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Efficient hashmap serialization?

 
 
Sn0tters@yahoo.co.uk
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      09-02-2005
Hi,

I have a a hash map full of objects that contain references to other
objects in that map, grouped in a threaded message fashion. There's a
linked list style previous messages and next message.

I serialize this map to send it over RMI, but it seems quite slow.

Does anyone have any recommendations on efficiently serializing it? I
know I will have to write a function to serialize the objects manually
but not much beyond that.

Thanks
Wil

 
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jan V
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      09-02-2005
> I have a a hash map full of objects that contain references to other
> objects in that map, grouped in a threaded message fashion. There's a
> linked list style previous messages and next message.
>
> I serialize this map to send it over RMI, but it seems quite slow.
>
> Does anyone have any recommendations on efficiently serializing it? I
> know I will have to write a function to serialize the objects manually
> but not much beyond that.


Can you give us the types of the keys and values of your Map? Are the
messages plain Strings, or are you using a proper message abstraction type?

If you understand what Serialization does for you, maybe you will change
your opinion on it being quite slow... it's got a lot to do, and it does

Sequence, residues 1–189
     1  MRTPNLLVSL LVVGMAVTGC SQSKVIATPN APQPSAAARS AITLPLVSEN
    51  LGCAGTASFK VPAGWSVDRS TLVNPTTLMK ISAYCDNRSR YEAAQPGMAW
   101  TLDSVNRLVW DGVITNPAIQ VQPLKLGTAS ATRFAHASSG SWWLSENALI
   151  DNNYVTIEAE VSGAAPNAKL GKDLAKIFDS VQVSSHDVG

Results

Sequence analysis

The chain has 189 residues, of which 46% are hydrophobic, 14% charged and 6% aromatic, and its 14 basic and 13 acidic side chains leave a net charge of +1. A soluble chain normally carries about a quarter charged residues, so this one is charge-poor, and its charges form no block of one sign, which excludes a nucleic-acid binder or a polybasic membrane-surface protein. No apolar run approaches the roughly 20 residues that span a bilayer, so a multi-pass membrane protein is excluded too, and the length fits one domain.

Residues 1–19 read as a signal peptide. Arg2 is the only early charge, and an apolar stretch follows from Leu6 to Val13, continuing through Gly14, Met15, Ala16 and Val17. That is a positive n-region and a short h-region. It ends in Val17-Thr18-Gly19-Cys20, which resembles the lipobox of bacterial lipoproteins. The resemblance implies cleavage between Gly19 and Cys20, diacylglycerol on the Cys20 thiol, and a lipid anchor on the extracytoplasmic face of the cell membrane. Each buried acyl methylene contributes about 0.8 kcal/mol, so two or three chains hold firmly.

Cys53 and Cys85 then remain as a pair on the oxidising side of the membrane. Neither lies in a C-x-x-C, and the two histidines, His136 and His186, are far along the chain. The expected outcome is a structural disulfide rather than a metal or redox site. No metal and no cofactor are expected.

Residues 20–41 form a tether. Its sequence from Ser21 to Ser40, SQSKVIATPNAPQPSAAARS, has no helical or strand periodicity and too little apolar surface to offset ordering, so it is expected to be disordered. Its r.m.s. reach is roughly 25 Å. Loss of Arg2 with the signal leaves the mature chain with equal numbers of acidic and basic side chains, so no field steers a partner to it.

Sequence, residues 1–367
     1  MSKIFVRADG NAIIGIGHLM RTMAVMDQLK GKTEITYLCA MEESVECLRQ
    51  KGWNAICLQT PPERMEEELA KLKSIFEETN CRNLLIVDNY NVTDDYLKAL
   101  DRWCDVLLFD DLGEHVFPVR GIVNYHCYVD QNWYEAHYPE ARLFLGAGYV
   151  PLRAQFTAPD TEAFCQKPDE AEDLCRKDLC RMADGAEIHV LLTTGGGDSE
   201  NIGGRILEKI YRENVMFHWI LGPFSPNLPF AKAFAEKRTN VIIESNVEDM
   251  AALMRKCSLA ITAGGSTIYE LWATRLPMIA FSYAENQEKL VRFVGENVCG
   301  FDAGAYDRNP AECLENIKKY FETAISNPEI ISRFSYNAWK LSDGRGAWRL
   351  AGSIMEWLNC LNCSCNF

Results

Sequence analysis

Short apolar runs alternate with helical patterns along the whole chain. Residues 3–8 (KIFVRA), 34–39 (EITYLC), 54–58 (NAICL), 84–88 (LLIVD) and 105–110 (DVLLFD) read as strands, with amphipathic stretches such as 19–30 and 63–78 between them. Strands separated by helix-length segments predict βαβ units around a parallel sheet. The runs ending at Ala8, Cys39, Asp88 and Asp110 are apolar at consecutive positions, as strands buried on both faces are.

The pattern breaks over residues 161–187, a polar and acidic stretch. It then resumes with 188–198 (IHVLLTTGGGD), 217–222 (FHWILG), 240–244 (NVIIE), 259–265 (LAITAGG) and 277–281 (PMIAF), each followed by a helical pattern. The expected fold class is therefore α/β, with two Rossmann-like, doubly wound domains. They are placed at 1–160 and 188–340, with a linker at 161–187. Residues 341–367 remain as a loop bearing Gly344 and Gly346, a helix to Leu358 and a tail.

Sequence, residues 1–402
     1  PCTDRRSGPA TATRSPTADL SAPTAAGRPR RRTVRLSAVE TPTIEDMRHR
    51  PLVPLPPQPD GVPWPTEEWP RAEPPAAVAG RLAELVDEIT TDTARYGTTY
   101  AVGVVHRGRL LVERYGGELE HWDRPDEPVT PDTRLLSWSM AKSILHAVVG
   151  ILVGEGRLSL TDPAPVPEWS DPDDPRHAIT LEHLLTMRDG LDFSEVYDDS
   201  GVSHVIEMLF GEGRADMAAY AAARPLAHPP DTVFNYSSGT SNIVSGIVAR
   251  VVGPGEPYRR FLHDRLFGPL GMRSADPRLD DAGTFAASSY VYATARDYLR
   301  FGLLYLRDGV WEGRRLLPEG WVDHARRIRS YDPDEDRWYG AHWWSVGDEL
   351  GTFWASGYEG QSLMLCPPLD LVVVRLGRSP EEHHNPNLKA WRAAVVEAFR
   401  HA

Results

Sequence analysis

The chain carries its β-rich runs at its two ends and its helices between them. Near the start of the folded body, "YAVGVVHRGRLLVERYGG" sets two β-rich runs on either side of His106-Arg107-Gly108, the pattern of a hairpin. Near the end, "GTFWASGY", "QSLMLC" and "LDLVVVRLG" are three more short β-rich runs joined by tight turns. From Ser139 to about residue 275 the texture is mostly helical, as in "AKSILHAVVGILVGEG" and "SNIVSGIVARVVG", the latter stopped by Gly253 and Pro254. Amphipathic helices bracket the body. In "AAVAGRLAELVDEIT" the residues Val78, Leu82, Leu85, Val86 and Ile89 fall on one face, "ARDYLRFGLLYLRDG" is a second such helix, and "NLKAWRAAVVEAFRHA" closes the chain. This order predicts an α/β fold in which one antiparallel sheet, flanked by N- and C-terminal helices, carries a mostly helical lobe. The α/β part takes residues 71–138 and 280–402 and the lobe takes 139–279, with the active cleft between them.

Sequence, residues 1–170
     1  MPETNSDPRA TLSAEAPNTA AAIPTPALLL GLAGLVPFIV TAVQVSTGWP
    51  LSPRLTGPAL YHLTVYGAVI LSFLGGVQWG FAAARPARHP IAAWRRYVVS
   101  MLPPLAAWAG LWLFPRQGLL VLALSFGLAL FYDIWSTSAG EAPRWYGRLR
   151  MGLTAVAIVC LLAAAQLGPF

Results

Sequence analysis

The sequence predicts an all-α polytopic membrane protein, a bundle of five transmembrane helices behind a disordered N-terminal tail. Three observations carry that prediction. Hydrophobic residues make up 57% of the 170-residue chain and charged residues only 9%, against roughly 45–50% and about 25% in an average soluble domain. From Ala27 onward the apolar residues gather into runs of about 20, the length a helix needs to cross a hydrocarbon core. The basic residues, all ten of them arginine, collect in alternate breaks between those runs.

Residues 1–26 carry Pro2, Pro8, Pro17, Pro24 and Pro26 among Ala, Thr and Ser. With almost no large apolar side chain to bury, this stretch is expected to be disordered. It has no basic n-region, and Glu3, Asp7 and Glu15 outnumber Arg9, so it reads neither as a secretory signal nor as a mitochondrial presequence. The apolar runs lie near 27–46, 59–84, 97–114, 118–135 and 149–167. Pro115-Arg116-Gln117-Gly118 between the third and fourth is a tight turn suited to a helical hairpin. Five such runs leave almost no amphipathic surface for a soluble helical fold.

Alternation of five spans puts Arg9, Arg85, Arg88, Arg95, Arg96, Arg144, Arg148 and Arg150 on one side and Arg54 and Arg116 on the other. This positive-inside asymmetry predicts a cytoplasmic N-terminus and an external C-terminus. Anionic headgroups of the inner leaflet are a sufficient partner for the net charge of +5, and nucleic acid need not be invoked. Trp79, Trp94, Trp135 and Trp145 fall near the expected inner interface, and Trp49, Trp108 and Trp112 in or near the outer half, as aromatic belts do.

everything through reflection.

If you really, really need to speed things up, then consider writing custom
private readObject()/writeObject() methods for your Map's value objects...
though you should profile the serialization step to see what really is
causing the whole thing to eat time.


 
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Sn0tters@yahoo.co.uk
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      09-02-2005

I told a slight lie, it's a HashTable

private Hashtable<Double, Message> Messages = new Hashtable<Double,
Message>();

The Message object has a load of elements,

private double postNumber = 0;
private LinkTag postName;
private ImageTag postIcon;
private Text subject = null;
private List<AbstractNode> text = null;
private List<Tag> postAppeal = null;
private Identity poster = null;
private Date date = null;
private HashMap<Double,RawMessage> nextInThread = new
HashMap<Double,RawMessage>();
private RawMessage previousInThread = null;

My main worry is that each object is being serialized many times, think
of this example:

Objects A & B are in the hashtable
Both objects reference each other.
When A is serialized the reference to B serializes B
When B is serialized the reference to A serializes A

Is this a valid assumption?


readObject and writeObject methods are my number one optimization I'm
think of.

Thanks
Wil

 
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jan V
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      09-02-2005
> My main worry is that each object is being serialized many times, think
> of this example:


> Is this a valid assumption?


Nope. Serialization deals with this (intelligently, I may add)


 
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Sn0tters@yahoo.co.uk
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      09-02-2005

That's good to know!

I'll look further in to implmenting those methods then.

Thanks!
Wil

 
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Roedy Green
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      09-02-2005
On 2 Sep 2005 11:50:38 -0700, "(E-Mail Removed)"
<(E-Mail Removed)> wrote or quoted :

>Objects A & B are in the hashtable
>Both objects reference each other.
>When A is serialized the reference to B serializes B
>When B is serialized the reference to A serializes A
>
>Is this a valid assumption?